Saturday, July 24, 2010

How to build a sandbox under your deck

We recently moved back into the city from the suburbs. We lucked into finding a house with a great deck in the back, a place for a garden and a double car garage (very rare downtown) but it's lacking a yard (in the back, we do have a front yard). Since there are a bunch of parks close by and the beach is just down the street it doesn't bother us much. But there are those times when you would like to send the kids outside play so my husband came up with this great idea to build a sandbox under our deck.

Here's the sandbox with the lid on. The lid is made of 2 pieces with one having rope handles to pull it out.
Here it is with the 1st piece out and stacked at the end of the deck.
And with the 2nd piece out - there is a sandbox. I was afraid the lid pieces were going to be very heavy but they - just a little awkward thanks to their length. But the being apple to cover the sandbox completely means that we don't lose any deck space for BBQs. Plus, it helps to keep the sand a little more dry, and stops the raccoons from using it as a litter box (euwh!).

Since it was my husband's project, he didn't think to take step-by-step photos of the process like I would have. But, here how it was made:

1. We located the stringers - the supports that run under the deck, perpendicular to the decking and decided where we would create the opening. Like studs in a wall, stringers are typically 16" apart - so remove 2 would give us a nice 4' opening.

2. Using a reciprocating saw, we cut the deck boards at both ends of what would be the opening, so the deck boards that remained were flush with the last stringer.

3. Next we removed the deck boards in between the two cuts - first by attempting to unscrew them, and when that didn't work, by prying/pulling/smashing them. We had hoped to reuse them, but unfortunately they didn't come off the deck structure very well without being destroyed (thanks to stripped screws). In fact, had they come off cleanly, we would have been able to do the entire project with just 2 new lengths of 2x6 and a couple of 1x6's - the rest would have all been reused.

4. With thee decking removed and the supports exposed, we removed two of the 2x6 stringers. The reciprocating saw again came in handy to cut the screws where the stringers were attached to the supports at either - meaning the wood could be reused, and the supports stayed in place.

5. Our deck is supported by two 2x12's that are spaced 48" apart, and run the length of the deck underneath the stringers. We cut 1x6's to fit in between 2x12's, and stacked them on top of each other at each end to close the opening under neath the remaining stringers - this created a perfect 4'x4' box to fill with sand!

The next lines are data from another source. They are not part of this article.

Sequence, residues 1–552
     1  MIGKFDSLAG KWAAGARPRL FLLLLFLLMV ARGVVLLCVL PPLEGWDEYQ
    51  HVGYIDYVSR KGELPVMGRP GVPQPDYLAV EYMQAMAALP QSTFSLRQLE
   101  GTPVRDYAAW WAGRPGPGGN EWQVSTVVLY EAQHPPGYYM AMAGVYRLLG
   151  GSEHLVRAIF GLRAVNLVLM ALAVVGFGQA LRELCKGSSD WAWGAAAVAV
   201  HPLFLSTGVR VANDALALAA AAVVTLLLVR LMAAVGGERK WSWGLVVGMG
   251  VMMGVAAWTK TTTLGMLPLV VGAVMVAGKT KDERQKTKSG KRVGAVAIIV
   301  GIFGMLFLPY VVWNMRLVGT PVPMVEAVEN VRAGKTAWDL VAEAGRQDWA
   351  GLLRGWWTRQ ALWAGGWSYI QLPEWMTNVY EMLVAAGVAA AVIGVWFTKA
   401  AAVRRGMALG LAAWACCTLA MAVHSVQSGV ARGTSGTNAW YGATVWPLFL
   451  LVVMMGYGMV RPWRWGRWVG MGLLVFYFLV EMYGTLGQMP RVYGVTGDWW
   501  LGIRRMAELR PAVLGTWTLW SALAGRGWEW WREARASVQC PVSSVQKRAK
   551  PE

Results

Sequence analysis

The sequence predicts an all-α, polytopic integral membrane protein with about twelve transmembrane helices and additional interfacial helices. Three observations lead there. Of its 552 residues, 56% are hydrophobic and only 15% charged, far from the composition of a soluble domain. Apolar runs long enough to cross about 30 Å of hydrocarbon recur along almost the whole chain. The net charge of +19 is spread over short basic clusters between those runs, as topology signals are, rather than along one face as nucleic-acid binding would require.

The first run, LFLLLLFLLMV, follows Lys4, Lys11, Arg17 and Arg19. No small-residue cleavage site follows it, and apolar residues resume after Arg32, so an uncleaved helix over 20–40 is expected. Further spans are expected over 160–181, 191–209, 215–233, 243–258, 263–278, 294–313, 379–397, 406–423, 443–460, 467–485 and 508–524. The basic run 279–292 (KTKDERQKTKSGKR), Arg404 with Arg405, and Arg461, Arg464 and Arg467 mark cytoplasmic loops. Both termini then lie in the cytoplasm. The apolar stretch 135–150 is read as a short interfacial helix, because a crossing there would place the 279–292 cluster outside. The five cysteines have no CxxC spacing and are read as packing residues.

In this picture, the wood to the left of the pink bucket is the top of the 2x12 support, and to the right of the pink bucket is the top 1x6 (the other is buried below the sand)

6. On the outside of the 2x12's, we built small benches - which also support the lid. The benches are supported by short lengths of 2x6 that are screwed into the 2x12 with metal hangers, and are attached to the outside supports of the deck with metal hangers.

7. For the lids, we simply built boxes using 2x6's the fit snuggly inside the outside deck supports and the remaining deck stringers, leaving a 2" gap in the middle, and a 2" gap on either end. Because the decking is 5/4" thick, we had to trim 5/4" off the bottom of each 2x6, so when the decking was put on top it would be level with the rest of the deck.

8. To make sure the deck boards on top the lids were cut to the right length, we placed the box-frames in gap, side by side, and then measured the length of each 1x6 deck board to go on top - using one length of wood for the entire gap. We attach each deck board to the box-frame first, before moving on to the next. Finally, once all of the deck boards were cut and attached, we removed the whole lid (at this point still one large piece). After chalking a line down the middle of the deck boards (in 2" gap that we left between the box-frames), and used a circular saw to cut the whole thing into two perfectly fitting pieces.

9. Finally, to make it easier to remove the first lid we attached two rope handles. The ropes are fed through a hole drilled in the 2x6 support on the underside of the lid, and then knotted. The second lid piece doesn't need rope handles, since it is easily moved once the first lid is removed.

Here is the sandbox when we want to use the deck for entertaining. It's a great that we can still have a sandbox in our small space.

The chairs fold up so they can be put to the side (they are a curbside find that I have to paint at some point to spruce them up) and the bbq can move over to the side.

I love that my hubby was so innovative to come up with such a great idea - now the kids aren't digging in my garden. The kids are happy to have a sandbox again, now I just have to figure out how to keep the sand out of the house.

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